Surrealism and the Dream
8 October 2013 to 12 January 2014
<exchanging gazes> 7: The Rhythm of the Earth. 17th century Dutch and 19thcentury American Landscape Painting
New Display of the Collections
From 24 September 2013 to 6 January 2014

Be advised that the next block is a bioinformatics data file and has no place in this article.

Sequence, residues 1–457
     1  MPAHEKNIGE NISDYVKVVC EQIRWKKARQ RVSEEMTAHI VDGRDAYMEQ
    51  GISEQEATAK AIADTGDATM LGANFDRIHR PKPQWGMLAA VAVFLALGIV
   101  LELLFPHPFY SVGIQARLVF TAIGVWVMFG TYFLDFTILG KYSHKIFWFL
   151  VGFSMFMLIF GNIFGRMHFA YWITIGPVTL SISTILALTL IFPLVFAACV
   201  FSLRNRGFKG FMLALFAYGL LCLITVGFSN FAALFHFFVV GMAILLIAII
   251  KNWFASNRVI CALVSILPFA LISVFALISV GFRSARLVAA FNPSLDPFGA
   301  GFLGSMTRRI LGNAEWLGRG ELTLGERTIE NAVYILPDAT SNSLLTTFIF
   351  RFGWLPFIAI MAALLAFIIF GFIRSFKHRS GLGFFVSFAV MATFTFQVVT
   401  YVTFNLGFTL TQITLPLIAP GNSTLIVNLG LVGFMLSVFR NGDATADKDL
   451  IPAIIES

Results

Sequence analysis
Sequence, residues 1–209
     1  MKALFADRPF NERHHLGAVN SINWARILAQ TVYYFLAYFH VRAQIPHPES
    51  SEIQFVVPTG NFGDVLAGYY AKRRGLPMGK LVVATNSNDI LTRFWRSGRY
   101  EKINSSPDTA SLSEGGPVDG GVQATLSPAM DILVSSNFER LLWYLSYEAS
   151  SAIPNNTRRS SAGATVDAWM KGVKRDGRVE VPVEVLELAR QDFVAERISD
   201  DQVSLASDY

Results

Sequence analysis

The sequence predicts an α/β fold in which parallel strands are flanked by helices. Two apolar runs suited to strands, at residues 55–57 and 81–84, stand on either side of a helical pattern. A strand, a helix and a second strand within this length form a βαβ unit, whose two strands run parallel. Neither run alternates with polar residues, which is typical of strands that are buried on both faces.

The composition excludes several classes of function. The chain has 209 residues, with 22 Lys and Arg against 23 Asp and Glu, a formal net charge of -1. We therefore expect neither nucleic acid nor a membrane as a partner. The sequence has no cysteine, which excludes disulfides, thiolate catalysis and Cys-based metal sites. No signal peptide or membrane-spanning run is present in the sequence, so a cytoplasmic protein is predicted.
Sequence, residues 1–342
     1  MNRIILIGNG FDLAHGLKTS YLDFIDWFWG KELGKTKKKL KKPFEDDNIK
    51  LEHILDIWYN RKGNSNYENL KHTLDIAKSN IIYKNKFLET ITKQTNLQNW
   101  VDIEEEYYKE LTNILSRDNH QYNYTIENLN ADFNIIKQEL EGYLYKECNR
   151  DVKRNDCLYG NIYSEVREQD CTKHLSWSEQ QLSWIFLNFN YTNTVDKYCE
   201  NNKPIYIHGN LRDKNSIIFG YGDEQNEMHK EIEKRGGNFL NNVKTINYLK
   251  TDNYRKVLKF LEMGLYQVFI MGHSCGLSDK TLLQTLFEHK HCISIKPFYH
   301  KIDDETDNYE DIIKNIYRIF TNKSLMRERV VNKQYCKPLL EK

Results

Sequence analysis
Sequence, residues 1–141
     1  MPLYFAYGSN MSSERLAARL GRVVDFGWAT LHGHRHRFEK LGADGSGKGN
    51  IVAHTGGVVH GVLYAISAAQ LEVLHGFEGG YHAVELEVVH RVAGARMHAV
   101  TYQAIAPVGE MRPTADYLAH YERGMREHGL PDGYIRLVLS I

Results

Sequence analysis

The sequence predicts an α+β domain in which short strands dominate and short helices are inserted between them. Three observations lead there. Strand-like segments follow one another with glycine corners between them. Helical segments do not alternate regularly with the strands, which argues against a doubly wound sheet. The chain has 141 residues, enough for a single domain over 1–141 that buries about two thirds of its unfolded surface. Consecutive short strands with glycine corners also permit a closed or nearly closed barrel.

Son of a craftsman and painter, Boucher showed remarkable artistic talent from an early age. He trained with the painter Jean-Baptiste Lemoyne between 1721 and 1723, and in 1723 won the Prix de Rome. He continued his studies in the field of printmaking with the engraver Jean-François Cars, executing reproductive prints after Watteau. Boucher never abandoned his printmaking activities and continued to illustrate books throughout his career. Between 1727 and 1731 he visited Italy in order to expand his artistic knowledge. While there he painted historical and religious compositions. In Italy, Boucher travelled to Rome, Genoa and Parma, devoting his time to studying the work of Correggio and the Venetian painters. The artist achieved success through his galante scenes, a subject-matter that allowed him to develop a distinctive style. In 1734 he was admitted to the Académie where he presented the painting Rinaldo and Armida (Musée du Louvre, Paris). Three years later he was made a professor at that institution. Boucher received his first royal commission in 1731 for a series of four grisailles for the Queen’s apartment at Versailles. From then on he worked on a range of projects for the court over the course of his career. Boucher was active both as a painter and a decorator of a wide range of objects including furniture, fans, Sèvres porcelain and theatrical curtains, all pained with bucolic scenes. His mature phase spans the years 1734 to 1764, during which he produced a number of his greatest masterpieces in the 1740s. Among other positions Boucher was set designer for the Royal Academy of Music between 1744 and 1748, director of the Gobelins tapestry manufactory in 1755, and director of the Académie in 1765. That same year he was appointed Court Painter. Protected by Madame de Pompadour, Boucher exhibited in the Salon from 1740 onwards and became the object of vehement criticism by Diderot in the 1760s at a time when his style began to fall out of favour. Boucher was an extremely versatile artist whose repertoire included a wide range of themes, from religion and mythology to portraits, rural and pastoral scenes, and landscapes. His fame reached Sweden where he was commissioned to produce work for the royal collection.